I thought the best way to show you the idea was just to animate a couple of the titles. You'll get the vibe. Each title is in the NERVE font but it is made out of a different "internetty” thing. The first credit is made up of the Apple wheel of death, the second of sparkly animated gif textures. I have a ton I want to do but I want to get your blessing to keep going first, since it is time consuming.
Teddy: They replied, simply: "HOLY SHIT AWESOME KEEP GOING!!!!"
So, I did.
The sequence is a barrage of digital touchstones familiar to people who came of age online. The 3D animated type looks like it was ripped straight from a Geocities page! What elements of this sequence are you most happy with?
Teddy: The “under construction” producers card includes several animated gifs literally ripped from a Geocities page — you are correct about that. It gives me immense pleasure to watch the cartoon workers digging and hammering on the letters.
I’m also a fan of the music supervisors card, for which I took great pains to recreate iTunes’ now-defunct Cover Flow display animation. I had a blast designing the fake cover art — parodies of Fleetwood Mac, Taylor Swift, Beyoncé, and Kanye West album covers, respectively. I also made a few more of those which don’t appear in the sequence. The more covers that zoom by, the less readable the title is.
Did anything else end up on the cutting room floor?
Teddy: There’s not much on the cutting room floor because I did the title sequence in order. My rule was: each title must be a reference to a website, app, game interface, or other visibly recognizable slice of screen culture, but also must be set in the same font at the same size and placement. Coming up with 20 ideas that fit this constraint was tough, and I took suggestions from Rel and Henry, from my co-workers, from a lot of smart people. I have a long list of great Internet references, but a whole lot of them were disqualified because I couldn’t use them without breaking my rule.
Speaking of rules that shouldn’t be broken, they say one should never work with kids or animals. What can you tell us about your Snapchat shoot with Omar the dog?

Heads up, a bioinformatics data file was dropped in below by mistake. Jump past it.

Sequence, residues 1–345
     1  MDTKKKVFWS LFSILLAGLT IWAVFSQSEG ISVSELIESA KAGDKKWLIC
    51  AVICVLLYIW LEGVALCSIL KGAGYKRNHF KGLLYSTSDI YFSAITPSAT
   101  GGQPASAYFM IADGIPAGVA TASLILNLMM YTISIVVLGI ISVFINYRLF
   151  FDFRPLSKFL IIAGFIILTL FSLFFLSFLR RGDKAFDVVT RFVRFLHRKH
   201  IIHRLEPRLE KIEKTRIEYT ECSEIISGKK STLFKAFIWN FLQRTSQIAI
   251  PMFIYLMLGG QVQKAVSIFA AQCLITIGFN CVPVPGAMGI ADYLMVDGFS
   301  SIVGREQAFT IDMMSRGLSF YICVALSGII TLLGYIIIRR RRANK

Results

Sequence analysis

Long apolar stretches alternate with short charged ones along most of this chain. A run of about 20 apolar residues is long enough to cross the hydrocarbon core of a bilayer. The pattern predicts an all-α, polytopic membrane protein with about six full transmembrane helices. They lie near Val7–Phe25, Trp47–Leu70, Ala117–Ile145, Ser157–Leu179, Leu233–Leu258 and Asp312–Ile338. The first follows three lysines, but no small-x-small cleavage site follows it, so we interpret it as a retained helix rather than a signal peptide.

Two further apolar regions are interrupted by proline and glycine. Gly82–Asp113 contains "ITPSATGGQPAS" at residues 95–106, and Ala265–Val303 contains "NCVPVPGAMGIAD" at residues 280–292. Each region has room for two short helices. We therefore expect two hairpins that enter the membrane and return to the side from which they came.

Teddy: Omar is our office mascot. He is the Brussels Griffon of Adam Squires, co-founder of CHIPS. I have seen Omar almost every day for the past seven years, so I’m familiar with his behavior patterns. Namely, he is either half asleep, fully asleep, or barking maniacally out the window.
Teddy: I caught him at a crucial half-asleep moment, printed the title card out on the office printer, and held it in front of his face. Adam shined his phone’s flashlight on the dark-ish corner of the office and I snapped 10 pics before Omar could realize what was happening and start trying to lick me. It was a team effort.
How big was the production team? Which tools and software did you use to put it all together?
Teddy: I did the bulk of the design and animation work for the title sequence in After Effects. It took me a long time.
Dan Shields, my other partner at CHIPS, is a web developer. One of the titles is a screen recording of Dan opening a page he coded in Chrome’s Developer Tools, a page with the film editor’s name set in widely-spaced Comic Sans, and then quickly futzing with the code so the title is set in the correct font with the correct spacing.
Teddy: Dan also helped me come up with the words spelled on the Words with Friends actor card, and helped me pull screenshots of the page-flipping animation in the old version of iBooks from the vintage iPad 1.0 in our office. He is an Internet expert who spent his adolescence building computers for fun. He sits right next to me, so I consulted with him about the sequence every step of the way.
You’ve spoken in the past about the influence of title designers like Saul and Elaine Bass, Dan Perri, Pablo Ferro, and M & Co. on your work. What are some recent title sequences that you’ve enjoyed?
Teddy: The Imaginary Forces opening sequence for Stranger Things floored me. I have often mined the myriad typographic eccentricities of the ‘70s and ‘80s for my own work, and I know how hard it is to pull off without seeming kitschy. It was perfectly executed, and I wish I had done it. It is so good, it makes me angry.
I’m also a fan of Mike Perry’s titles for Broad City. He has built up an entire body of work, all variations on a theme, over three seasons.
What have you seen or watched lately that’s been exciting to you?
Teddy: It’s been a dull year for movies, but I still try to see things on the big screen as often as possible. I liked Hell or High Water, and I thought Swiss Army Man was a work of twisted genius. I also loved Whit Stillman’s Love & Friendship, but I’m biased because I worked on it.
Mostly I’ve been looking at old stuff, either at home or at Metrograph, the new repertory theater on the Lower East Side. I recently saw Brian De Palma’s Blow Out there – amazing titles – as well as Die Hard With A Vengeance – amazing riddles.
You’ve recently started directing with your partner Alex Karpovsky under the moniker The Spielbergs. What’s next for you? Do you see yourself sticking with title design or moving more towards filmmaking?
Teddy: Ideally, I’ll continue doing both! Alex and I have a great time working together, and over the past year we’ve made a handful of music videos, short films and commercials. Getting to know the realities of production has helped my film design work immensely, and having worked with so many filmmakers over the years made it easier to jump into directing. I also have side projects like the Periodic Table of Trash, which I made with my girlfriend Molly.
Teddy: There are some exciting design projects coming up at CHIPS, and I have some TV and film ideas brewing with Alex. At the moment, both kinds of work seem to be feeding one another.